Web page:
Canadian Cross Country Ski Team

12th August, 2010
By Devon Kershaw

> New Zealand : The Camp that keeps giving

Copied from the blog of Devon Kershaw

Canadian Cross-Country Skier (Using the iCool inflatable)

 

 
 

New Zealand: the camp that on keeps giving…

 

Two short days. Hell, one night actually. That’s all that remains until I pack up my wet boots,

nasty Craft and jam a plethora of clothing, equipment, footwear, and miscellaneous xc specific

items into both my ski bag and duffel to begin my long journey back to summer –

and to my good friend Shayla Swanson’s wedding outside of Bozeman,

MT (but that’s a story for next time…)

 

Reflecting on our 16 day training camp down here, I am pretty happy with how things

unfolded.

Sure, I would have loved to win a few more games of Monopoly.

I would have loved to have had all 16 days of skiing be under bright sunshine, perfect

tracks tooand I wish all my best buddies and training partners could be here to enjoy the

journey with me

day in, day out. Yet – in reality, I would have never guessed that the 2010 edition of the NZed

camp would have turned out so well.

 

It took awhile – too long to be honest, but I was able to nab my first NZ Monopoly win,
which was big for my psychological state. Although we weren’t bathed in sunshine EVERY day,
I’d say that 85% of my workouts down here on skis were pretty damn close and I may not have
had ALL my “besties” down here banging out kilometers with me, but I had some of them –
and I couldn’t ask for better teammates to train and hang with. It’s been awesome.
 
 
Hard not to be motivated, and psyched to get after it.
Great tracks and weather down here this year 
 
 
 
Great running along Lake Wanaka,
we've got a stellar crew!
 
 

This camp was about 5 days shorter in length than the other 4 in the past

and at firstI was nervous that the camp would feel “too short.”

There’s no denying that NewZealand is far away.

Any time you are talking 10,000+ kilometers of travel, you

expect to feel like you look: disheveled, tired, and out of it for the first few days

– that’s why I before coming I was hoping for a longer camp. Yet, this I always

forget that the Snow Farm seems to be one place that it doesn’t seem to happen.

As soon as you strap on the boards and are gliding along “Hanging Valley,”

you forget you even traveled at all. It’s that good, and as this camp winds down;

I realize that 16 days is a fantastic length of time for this camp.

 

The training we threw down over the 16 days was great. Less overall load than
I’ve been used to during the annual New Zealand camp, but way more strength –
which I am happy to report, is improving. Am I at Newell’s level doing chin ups
with a small vehicle and 4 teenagers strapped to my waist?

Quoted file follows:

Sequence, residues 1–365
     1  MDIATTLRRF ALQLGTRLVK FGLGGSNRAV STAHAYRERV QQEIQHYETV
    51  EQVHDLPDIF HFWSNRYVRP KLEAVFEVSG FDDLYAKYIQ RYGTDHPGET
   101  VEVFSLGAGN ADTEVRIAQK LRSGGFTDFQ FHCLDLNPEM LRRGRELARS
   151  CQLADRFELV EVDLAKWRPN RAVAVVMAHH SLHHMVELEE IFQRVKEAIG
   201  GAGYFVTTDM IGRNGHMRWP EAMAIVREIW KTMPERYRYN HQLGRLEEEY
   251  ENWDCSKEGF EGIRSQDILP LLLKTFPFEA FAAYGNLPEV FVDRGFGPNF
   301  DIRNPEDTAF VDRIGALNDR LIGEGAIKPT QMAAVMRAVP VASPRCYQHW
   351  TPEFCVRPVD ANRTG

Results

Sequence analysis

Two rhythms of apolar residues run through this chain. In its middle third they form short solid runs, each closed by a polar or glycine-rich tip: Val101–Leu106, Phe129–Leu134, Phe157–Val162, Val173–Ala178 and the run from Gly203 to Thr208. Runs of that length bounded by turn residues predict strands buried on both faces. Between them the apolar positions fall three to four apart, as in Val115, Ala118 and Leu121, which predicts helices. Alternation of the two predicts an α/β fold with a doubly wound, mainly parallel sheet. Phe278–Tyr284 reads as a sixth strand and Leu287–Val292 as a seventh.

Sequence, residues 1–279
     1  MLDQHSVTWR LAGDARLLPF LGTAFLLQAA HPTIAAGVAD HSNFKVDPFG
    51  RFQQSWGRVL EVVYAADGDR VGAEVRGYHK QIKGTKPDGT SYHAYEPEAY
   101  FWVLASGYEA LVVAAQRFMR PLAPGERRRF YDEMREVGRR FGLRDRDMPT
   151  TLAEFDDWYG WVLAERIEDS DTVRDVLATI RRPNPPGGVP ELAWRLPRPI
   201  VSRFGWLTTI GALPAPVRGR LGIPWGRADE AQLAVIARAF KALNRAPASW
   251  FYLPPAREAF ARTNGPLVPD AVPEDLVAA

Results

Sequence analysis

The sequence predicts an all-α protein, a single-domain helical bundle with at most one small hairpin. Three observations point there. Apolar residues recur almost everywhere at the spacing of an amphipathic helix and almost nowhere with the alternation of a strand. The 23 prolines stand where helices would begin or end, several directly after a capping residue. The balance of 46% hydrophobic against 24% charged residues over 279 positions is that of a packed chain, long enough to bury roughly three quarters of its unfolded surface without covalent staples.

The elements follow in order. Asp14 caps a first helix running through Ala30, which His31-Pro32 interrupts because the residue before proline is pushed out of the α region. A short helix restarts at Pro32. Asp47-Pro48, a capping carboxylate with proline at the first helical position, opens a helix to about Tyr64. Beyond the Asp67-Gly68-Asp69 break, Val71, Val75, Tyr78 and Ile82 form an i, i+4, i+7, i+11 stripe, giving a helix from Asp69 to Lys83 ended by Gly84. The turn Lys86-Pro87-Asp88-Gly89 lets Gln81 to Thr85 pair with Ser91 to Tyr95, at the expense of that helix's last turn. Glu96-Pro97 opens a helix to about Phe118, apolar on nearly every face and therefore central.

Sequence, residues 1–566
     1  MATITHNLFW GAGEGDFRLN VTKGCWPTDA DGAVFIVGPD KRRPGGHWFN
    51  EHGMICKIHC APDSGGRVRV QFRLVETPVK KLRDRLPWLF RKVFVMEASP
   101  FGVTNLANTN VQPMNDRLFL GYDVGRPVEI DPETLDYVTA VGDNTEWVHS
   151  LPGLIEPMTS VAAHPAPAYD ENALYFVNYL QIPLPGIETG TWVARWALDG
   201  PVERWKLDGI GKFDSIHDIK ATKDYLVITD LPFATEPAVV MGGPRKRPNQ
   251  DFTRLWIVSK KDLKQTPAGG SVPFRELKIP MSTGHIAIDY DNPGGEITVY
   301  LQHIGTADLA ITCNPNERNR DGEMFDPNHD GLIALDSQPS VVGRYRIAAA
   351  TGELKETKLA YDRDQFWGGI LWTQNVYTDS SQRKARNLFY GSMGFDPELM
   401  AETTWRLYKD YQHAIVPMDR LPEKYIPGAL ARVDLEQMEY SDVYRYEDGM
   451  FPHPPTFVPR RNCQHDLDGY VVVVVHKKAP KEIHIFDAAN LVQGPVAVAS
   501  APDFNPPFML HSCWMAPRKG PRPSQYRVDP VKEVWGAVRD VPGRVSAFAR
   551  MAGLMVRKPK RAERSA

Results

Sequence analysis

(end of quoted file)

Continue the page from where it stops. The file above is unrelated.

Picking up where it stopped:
No, but I am improving slowly.
 
 
 
In a "zen state" to aid in not focusing on the bone chilling cold in our portable cold tub
- letting the muscles recover from strength 

 

I’ve been super happy with my movements and technical gains, especially with how the

cleans and snatches have been going. I am sure that when I started about a month ago,

you could have taken 80% of people in a Sudbury Tim Hortons at 8am on weekday,

and regardless of their age, physical fitness or talent they would have looked like

Ronnie Colman next to me going though those Olympic lifts.

 

Keeping us on the road while we bang out our training have been two stellar therapists.

A big thank you to B210 – the group based out of Montreal that I joined in the spring

– for being so instrumental in getting this going. Having steady work with our awesome new physio

– Hutchdogg’ and Scotty Y (the massage guy we have here from Bend, OR)

has allowed us to recover from the long skis, interval/race workouts, and my

(in my own mind anyway) “epic” strength workouts. Plus, those two guys are totally

boss to hang out with. It’s been win/win.

 

Aside from the normal interval workouts, long distance days, strength, etc…

we also were able to do some racing down here for the Australia/New Zealand

Continental

Cup FIS races. I had always planned on just doing the first race: a 15km classic

mass start, and it was a ton of fun.

 

It was a USA/Canada show down, and the 3 lap, 15km race was a blast.

It turned out to be tactical, where everyone was marking and watching each other

and was a great exercise to stay close to that style of racing. For the majority of the race,

we (the Canadians) did all the time at the front, alternating often before Kris Freeman

(USA racer extraordinaire and Outside Magazine cover man’) threw down a massive

attack with about 1.5-2km to go. It was pure carnage, as he shattered the field in an instant.

Nobody could go with his acceleration and we were left feeling and breathing like an old

man climbing a steep set of stairs. A bit in shock, but also worried it might all be over.

 

I stayed calm, and made an assumption. Watching Freeman launch, I didn’t think he had